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The Wordsmith's Forge
The Writing & Other Projects of Elizabeth Barrette
Poem: "In Good Cause"
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janetmiles From: janetmiles Date: November 3rd, 2011 04:16 am (UTC) (Link)
I could see wanting to live in a bonarchy. I can also see "but is it good for the horses" as being a not-unreasonable question, because if it's bad for the horses, there's a good chance it's bad for the environment in general.
ysabetwordsmith From: ysabetwordsmith Date: November 3rd, 2011 04:26 am (UTC) (Link)


Precisely. Pelip is inland and mostly grass. The wealth and power of the culture lies in the horses. They're just more sensible about acknowledging that than historic horseclans have been. What's good for the horses is good for the environment, and generally good for people as long as folks aren't trying to, say, take over the world or suck up all the money. You get a pretty good situation that's pretty consistent, and works for most people most of the time.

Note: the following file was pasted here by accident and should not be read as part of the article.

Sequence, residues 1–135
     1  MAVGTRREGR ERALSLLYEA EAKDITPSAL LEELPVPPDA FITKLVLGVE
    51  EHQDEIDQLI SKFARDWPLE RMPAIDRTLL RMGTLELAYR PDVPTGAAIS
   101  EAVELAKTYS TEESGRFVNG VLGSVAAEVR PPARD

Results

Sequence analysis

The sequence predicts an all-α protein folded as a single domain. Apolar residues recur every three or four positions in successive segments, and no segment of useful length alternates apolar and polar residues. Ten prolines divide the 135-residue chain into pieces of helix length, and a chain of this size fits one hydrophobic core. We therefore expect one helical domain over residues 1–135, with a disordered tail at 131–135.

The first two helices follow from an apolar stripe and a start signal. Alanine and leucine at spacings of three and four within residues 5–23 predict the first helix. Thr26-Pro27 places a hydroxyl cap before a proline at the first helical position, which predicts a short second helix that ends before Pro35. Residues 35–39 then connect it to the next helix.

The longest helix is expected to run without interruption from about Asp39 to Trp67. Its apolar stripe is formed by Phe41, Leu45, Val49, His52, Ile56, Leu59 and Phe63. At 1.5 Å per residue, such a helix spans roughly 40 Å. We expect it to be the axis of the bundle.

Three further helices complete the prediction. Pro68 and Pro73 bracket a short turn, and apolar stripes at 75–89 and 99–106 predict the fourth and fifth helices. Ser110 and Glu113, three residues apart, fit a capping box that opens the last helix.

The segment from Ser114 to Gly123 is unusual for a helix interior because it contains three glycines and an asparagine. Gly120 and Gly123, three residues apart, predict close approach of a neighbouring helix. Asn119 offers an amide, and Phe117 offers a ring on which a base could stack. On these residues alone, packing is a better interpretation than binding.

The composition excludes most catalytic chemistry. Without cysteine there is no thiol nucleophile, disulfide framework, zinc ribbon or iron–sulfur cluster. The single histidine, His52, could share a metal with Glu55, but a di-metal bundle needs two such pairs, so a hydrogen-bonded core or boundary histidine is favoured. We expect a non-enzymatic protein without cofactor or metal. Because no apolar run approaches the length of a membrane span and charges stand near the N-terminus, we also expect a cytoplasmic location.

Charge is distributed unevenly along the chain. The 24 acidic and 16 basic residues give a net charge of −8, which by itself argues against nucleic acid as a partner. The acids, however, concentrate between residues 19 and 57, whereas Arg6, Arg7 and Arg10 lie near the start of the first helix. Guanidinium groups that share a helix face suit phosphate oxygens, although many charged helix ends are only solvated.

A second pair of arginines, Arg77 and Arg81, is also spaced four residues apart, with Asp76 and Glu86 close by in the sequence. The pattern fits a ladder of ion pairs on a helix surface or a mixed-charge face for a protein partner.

The challenge is that these folks are used to thinking in talking in terms of the horses. It's hard for them to stop and reconsider what that's going to look like, in terms of advantages and disadvantages, for a foreigner; and if the foreign interests and the horses' interests conflict, it's not always straightforward to explain the reasons why Pelip decides the way it does, beyond that shorthand nobody else gets.

So far, the countries all seem to be relatively functional, and aimed at producing a society that more-or-less works. But they're all using very different methods and markers. Some of them really tend to level things out, while others stratify. Some emphasize teamwork whereas others are more individualistic. I think they mostly manage to work things out, but my how the sparks do fly in the process.
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